D-Index & Metrics Best Publications

D-Index & Metrics

Discipline name D-index D-index (Discipline H-index) only includes papers and citation values for an examined discipline in contrast to General H-index which accounts for publications across all disciplines. Citations Publications World Ranking National Ranking
Psychology D-index 70 Citations 13,039 226 World Ranking 1323 National Ranking 815

Overview

What is he best known for?

The fields of study he is best known for:

  • Internal medicine
  • Psychiatry
  • Major depressive disorder

The scientist’s investigation covers issues in Psychiatry, Attention deficit hyperactivity disorder, Clinical psychology, Methylphenidate and Developmental psychology. The concepts of his Psychiatry study are interwoven with issues in Young adult, Clinical trial and Pediatrics. His Attention deficit hyperactivity disorder research is multidisciplinary, incorporating elements of Neurofeedback, Placebo, Randomized controlled trial and Stimulant.

His studies in Clinical psychology integrate themes in fields like Juvenile delinquency and Substance abuse. His Methylphenidate research integrates issues from Borderline intellectual functioning, Regimen, Parent training, Cognitive test and Pervasive developmental disorder. His work on Aggression, Rejection and Child development as part of general Developmental psychology research is often related to Social environment, thus linking different fields of science.

His most cited work include:

  • Randomized, controlled, crossover trial of methylphenidate in pervasive developmental disorders with hyperactivity (376 citations)
  • Which treatment for whom for ADHD? Moderators of treatment response in the MTA (218 citations)
  • National Institute of Mental Health Collaborative Multimodal Treatment Study of Children With ADHD (the MTA): Design Challenges and Choices (217 citations)

What are the main themes of his work throughout his whole career to date?

L. Eugene Arnold mainly investigates Psychiatry, Clinical psychology, Attention deficit hyperactivity disorder, Randomized controlled trial and Autism. His research brings together the fields of Pediatrics and Psychiatry. His Clinical psychology research incorporates elements of Developmental psychology, Aggression, Parent training and Depression.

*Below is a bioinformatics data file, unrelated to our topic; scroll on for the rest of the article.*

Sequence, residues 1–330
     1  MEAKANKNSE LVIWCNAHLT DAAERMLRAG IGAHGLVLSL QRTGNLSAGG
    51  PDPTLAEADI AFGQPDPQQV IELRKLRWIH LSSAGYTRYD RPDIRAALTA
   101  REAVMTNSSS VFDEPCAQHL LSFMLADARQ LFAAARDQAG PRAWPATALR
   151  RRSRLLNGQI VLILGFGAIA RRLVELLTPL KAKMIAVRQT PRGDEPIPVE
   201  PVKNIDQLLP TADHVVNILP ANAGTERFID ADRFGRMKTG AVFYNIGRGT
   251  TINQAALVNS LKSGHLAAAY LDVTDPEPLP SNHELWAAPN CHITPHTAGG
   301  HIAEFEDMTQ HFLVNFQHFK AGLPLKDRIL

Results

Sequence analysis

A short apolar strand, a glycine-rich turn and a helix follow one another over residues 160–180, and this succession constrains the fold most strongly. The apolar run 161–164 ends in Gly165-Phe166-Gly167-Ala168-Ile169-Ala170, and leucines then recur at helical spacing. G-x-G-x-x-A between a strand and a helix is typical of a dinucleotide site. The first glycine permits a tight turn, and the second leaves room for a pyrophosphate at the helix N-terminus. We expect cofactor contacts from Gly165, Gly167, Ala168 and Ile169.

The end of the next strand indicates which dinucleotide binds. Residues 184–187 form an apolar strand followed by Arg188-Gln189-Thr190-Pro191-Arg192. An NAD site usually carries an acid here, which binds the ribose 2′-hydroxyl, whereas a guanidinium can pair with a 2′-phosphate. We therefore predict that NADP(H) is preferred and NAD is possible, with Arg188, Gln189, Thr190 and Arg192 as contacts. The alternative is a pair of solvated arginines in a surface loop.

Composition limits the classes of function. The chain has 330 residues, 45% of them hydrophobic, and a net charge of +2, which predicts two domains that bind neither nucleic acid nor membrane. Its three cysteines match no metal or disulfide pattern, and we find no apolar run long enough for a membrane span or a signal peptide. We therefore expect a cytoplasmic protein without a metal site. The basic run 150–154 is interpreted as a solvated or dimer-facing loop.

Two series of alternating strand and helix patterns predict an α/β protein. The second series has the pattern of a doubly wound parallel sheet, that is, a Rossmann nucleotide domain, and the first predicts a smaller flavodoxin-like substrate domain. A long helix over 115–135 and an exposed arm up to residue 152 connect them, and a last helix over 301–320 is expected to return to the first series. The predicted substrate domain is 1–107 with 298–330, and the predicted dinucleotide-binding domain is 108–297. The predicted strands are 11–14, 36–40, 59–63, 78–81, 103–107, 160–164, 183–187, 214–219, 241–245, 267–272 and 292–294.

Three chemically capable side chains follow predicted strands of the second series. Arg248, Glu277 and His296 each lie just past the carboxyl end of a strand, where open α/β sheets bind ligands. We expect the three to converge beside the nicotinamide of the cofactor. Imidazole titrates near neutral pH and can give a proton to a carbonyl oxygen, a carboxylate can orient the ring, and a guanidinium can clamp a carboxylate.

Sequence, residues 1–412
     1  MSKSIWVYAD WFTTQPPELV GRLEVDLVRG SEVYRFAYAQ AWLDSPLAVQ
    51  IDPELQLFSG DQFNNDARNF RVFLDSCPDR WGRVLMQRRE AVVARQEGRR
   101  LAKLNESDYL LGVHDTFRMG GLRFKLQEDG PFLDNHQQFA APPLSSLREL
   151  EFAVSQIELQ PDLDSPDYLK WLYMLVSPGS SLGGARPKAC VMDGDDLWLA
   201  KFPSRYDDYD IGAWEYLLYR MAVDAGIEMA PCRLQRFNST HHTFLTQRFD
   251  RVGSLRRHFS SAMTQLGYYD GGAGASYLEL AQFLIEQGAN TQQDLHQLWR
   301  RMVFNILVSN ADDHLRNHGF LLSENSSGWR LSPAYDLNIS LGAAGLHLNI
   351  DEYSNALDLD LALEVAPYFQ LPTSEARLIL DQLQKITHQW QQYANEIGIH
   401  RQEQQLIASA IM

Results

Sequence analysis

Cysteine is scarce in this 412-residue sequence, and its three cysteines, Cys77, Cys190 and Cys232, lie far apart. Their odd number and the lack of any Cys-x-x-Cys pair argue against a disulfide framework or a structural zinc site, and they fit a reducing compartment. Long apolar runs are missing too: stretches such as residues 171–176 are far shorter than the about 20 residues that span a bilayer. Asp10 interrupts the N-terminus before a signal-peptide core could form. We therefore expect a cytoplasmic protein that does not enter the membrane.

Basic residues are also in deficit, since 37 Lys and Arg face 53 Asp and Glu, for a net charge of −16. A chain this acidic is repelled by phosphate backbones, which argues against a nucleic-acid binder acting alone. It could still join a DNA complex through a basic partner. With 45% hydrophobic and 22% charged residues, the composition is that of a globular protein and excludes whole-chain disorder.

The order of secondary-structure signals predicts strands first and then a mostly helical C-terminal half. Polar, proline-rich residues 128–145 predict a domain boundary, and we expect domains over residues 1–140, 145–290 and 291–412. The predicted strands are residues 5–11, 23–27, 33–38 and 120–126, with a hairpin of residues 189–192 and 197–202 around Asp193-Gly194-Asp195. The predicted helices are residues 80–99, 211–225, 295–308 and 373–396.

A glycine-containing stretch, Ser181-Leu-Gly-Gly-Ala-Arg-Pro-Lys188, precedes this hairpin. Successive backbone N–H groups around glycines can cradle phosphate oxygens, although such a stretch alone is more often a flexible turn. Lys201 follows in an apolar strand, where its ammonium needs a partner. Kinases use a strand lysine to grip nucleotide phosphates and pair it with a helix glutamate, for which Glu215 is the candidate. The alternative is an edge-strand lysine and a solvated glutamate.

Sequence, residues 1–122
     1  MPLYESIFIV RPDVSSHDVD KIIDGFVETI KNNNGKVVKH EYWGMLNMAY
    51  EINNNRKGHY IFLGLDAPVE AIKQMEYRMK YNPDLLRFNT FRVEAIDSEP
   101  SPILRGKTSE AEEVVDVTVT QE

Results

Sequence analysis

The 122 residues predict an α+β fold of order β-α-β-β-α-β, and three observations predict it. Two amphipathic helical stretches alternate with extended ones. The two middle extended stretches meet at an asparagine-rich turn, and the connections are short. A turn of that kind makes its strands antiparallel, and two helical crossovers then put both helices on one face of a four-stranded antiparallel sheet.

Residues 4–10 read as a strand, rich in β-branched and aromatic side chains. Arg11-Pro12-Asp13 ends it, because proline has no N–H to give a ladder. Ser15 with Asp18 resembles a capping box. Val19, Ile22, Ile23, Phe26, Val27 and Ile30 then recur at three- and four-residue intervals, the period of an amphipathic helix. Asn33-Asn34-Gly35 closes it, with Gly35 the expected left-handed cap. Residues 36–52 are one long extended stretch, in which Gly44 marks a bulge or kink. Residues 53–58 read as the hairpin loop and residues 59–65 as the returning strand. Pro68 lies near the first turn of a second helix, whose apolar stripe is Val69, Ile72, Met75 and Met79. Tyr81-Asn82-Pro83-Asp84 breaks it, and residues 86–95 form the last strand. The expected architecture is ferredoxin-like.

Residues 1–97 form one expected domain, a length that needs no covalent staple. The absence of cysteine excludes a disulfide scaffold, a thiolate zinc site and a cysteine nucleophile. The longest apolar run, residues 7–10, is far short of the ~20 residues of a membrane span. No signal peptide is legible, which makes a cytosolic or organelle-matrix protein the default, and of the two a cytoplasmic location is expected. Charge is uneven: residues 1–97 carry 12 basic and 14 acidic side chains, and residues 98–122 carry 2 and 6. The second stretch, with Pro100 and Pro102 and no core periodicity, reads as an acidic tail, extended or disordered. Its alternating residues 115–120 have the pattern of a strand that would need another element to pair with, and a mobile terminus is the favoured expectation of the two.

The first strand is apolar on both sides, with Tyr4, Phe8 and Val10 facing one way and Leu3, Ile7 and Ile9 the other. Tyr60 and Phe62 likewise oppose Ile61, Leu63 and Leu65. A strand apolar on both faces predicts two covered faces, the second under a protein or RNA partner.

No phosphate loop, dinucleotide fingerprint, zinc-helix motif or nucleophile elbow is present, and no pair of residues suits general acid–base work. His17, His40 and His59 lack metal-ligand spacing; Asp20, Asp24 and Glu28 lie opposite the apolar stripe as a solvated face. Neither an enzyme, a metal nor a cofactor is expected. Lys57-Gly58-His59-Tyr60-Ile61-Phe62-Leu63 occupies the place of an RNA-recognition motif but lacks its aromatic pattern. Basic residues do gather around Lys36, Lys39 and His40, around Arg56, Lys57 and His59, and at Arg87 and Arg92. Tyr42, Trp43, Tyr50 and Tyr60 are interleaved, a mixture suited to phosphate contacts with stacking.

In the field of Attention deficit hyperactivity disorder, his study on Methylphenidate overlaps with subjects such as Multimodal treatment. L. Eugene Arnold has researched Randomized controlled trial in several fields, including Placebo and Clinical trial. L. Eugene Arnold works mostly in the field of Autism, limiting it down to topics relating to Risperidone and, in certain cases, Weight gain, as a part of the same area of interest.

He most often published in these fields:

  • Psychiatry (43.25%)
  • Clinical psychology (39.57%)
  • Attention deficit hyperactivity disorder (31.90%)

What were the highlights of his more recent work (between 2016-2021)?

  • Clinical psychology (39.57%)
  • Psychiatry (43.25%)
  • Attention deficit hyperactivity disorder (31.90%)

In recent papers he was focusing on the following fields of study:

His primary areas of study are Clinical psychology, Psychiatry, Attention deficit hyperactivity disorder, Randomized controlled trial and Placebo. He interconnects Bipolar disorder, Depression, Parent training and Aggression in the investigation of issues within Clinical psychology. His Psychiatry research includes elements of Young adult and Epidemiology.

The Attention deficit hyperactivity disorder study combines topics in areas such as Developmental psychology and Pediatrics. His work in Randomized controlled trial tackles topics such as Mood disorders which are related to areas like Psychological intervention. His study in Placebo is interdisciplinary in nature, drawing from both Internal medicine, Clinical trial, Autism, Autism spectrum disorder and Physical therapy.

Between 2016 and 2021, his most popular works were: